Friday, 30 June, 2023 - 10:30 to 12:00
Mattia Zanzi will be discussing his Ph.D. work, titled: "Sound power modulates rat visual perception and neuronal tuning in rat primary visual cortex".
We will begin at 10:30 AM in Room 138.
- Davide Zoccolan, SISSA
- Eugenio Piasini, SISSA
- Giuliano Iurilli, IIT
- Maximiliano Nigro, NTNU
- Matteo Marsili, ICTP
- Carlo Fantoni, UNITS
Thesis abstract:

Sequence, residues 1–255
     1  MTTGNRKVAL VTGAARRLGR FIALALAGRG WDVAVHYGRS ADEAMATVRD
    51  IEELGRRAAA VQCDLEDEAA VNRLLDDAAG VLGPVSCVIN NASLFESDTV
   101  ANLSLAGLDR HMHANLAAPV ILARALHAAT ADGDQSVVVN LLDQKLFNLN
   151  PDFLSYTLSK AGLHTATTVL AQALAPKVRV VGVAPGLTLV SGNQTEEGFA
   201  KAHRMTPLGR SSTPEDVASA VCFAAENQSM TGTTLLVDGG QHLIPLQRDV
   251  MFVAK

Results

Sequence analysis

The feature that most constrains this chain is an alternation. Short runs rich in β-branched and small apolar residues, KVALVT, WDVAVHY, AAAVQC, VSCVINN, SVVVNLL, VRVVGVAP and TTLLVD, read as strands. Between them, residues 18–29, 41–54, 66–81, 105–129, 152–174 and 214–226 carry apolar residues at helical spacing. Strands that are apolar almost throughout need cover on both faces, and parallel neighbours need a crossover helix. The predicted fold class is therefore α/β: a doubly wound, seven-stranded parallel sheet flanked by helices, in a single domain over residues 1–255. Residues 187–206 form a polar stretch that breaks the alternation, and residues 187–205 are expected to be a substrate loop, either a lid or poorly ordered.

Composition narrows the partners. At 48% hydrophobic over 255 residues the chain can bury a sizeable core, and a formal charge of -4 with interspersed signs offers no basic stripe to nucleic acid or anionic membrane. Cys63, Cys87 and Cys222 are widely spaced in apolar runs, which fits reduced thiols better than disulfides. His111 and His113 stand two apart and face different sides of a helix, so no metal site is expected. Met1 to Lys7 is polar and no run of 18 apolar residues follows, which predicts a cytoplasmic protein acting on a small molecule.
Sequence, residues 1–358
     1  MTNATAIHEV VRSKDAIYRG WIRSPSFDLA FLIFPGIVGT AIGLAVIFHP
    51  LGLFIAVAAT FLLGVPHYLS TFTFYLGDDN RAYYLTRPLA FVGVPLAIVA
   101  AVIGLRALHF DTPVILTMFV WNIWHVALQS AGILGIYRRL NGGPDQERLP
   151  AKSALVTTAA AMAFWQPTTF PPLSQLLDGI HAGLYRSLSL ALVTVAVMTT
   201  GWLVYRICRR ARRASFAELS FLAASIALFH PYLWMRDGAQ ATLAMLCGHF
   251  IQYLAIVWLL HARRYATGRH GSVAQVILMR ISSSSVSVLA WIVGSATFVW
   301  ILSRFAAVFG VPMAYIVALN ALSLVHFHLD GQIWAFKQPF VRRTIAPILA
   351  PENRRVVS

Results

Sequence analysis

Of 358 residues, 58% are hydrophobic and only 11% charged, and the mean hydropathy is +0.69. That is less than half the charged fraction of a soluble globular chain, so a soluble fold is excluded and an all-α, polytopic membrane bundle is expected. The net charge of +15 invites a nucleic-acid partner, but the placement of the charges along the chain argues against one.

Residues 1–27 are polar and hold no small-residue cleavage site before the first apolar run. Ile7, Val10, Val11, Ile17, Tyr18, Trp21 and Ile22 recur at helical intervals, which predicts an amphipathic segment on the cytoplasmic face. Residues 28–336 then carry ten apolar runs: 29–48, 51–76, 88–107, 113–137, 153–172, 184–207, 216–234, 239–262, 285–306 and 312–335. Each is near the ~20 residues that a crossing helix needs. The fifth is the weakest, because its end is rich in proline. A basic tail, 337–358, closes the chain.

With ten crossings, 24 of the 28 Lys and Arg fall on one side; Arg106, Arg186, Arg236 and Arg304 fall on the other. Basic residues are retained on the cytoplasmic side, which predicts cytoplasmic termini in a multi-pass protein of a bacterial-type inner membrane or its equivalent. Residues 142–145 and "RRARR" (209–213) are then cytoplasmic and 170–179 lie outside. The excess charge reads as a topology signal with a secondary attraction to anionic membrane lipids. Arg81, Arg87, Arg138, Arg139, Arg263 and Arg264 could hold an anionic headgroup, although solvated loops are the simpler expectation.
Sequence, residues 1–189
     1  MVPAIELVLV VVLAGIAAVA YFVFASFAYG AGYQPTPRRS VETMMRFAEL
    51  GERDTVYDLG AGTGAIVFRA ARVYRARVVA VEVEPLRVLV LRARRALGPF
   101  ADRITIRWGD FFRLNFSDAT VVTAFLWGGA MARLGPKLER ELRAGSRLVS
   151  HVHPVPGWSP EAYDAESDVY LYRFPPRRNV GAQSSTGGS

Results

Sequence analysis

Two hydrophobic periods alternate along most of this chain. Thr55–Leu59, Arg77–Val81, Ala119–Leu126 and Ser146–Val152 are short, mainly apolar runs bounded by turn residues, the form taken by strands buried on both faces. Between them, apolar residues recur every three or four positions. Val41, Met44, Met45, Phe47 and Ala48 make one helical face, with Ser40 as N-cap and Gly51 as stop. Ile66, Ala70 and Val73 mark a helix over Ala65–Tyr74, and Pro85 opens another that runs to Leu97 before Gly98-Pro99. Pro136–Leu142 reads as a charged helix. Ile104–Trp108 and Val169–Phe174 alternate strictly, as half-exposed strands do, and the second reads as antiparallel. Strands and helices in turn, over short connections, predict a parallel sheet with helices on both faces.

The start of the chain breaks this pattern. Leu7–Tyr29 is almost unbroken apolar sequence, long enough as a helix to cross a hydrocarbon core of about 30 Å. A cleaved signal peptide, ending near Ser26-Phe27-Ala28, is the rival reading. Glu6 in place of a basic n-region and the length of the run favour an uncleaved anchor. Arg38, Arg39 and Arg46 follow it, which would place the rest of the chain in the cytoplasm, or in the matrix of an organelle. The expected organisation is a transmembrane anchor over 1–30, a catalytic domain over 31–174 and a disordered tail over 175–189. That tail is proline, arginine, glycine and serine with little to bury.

In the last decade, a range of structural and functional studies in rodents uncovered multisensory interactions within early sensory areas. For instance, noise bursts led to the hyperpolarization of V1 neurons in the absence of visual stimulation, with the extent of this inhibition correlating with noise power. Additionally, V1 neurons were found to be sensitive to the temporal coherence between auditory and visual stimuli. Nevertheless, the influence of these interactions on perception and decision-making remained elusive. To investigate this, we trained ten rats in a visual temporal frequency classification task, assessing the potential impact of task-irrelevant, temporally congruent or incongruent sounds on their perception. Our findings revealed that while auditory stimuli modulated visual perception, their temporal coherence did not enhance rat performance compared to incongruent pairs. Intriguingly, rat performance showed a notable correlation with the intensity of the auditory stimuli, suggesting that the encoding of temporal frequency in V1 may be shaped by the power of sound, rather than audiovisual temporal coherence. We hypothesized that: i) sound inhibits the encoding of the temporal frequency of visual stimuli in V1 according to its power; ii) the firing rate of V1 neurons is proportional to the temporal frequency of the visual stimuli. We incorporated these assumptions into an Ideal Observer model, which significantly predicted the observed responses in the task. In addition, we aimed to investigate these effects at the neuronal level by performing extracellular recordings in V1 of anesthetized rats. Preliminary analyses of neuronal tuning curves to visual temporal frequency uncovered a trend of monotonically increasing firing rate in line with the stimuli' temporal frequencies, affirming our assumptions. Lastly, we observed substantial differences in neuronal tuning when temporally modulated visual stimuli were combined with sounds of varying power. Specifically, responses decreased for sounds with higher amplitude power. Collectively, these findings reinforce the idea that multisensory processing takes place within the sensory cortices of rodents and unveil preliminary evidence of these processes influencing perception and decision-making.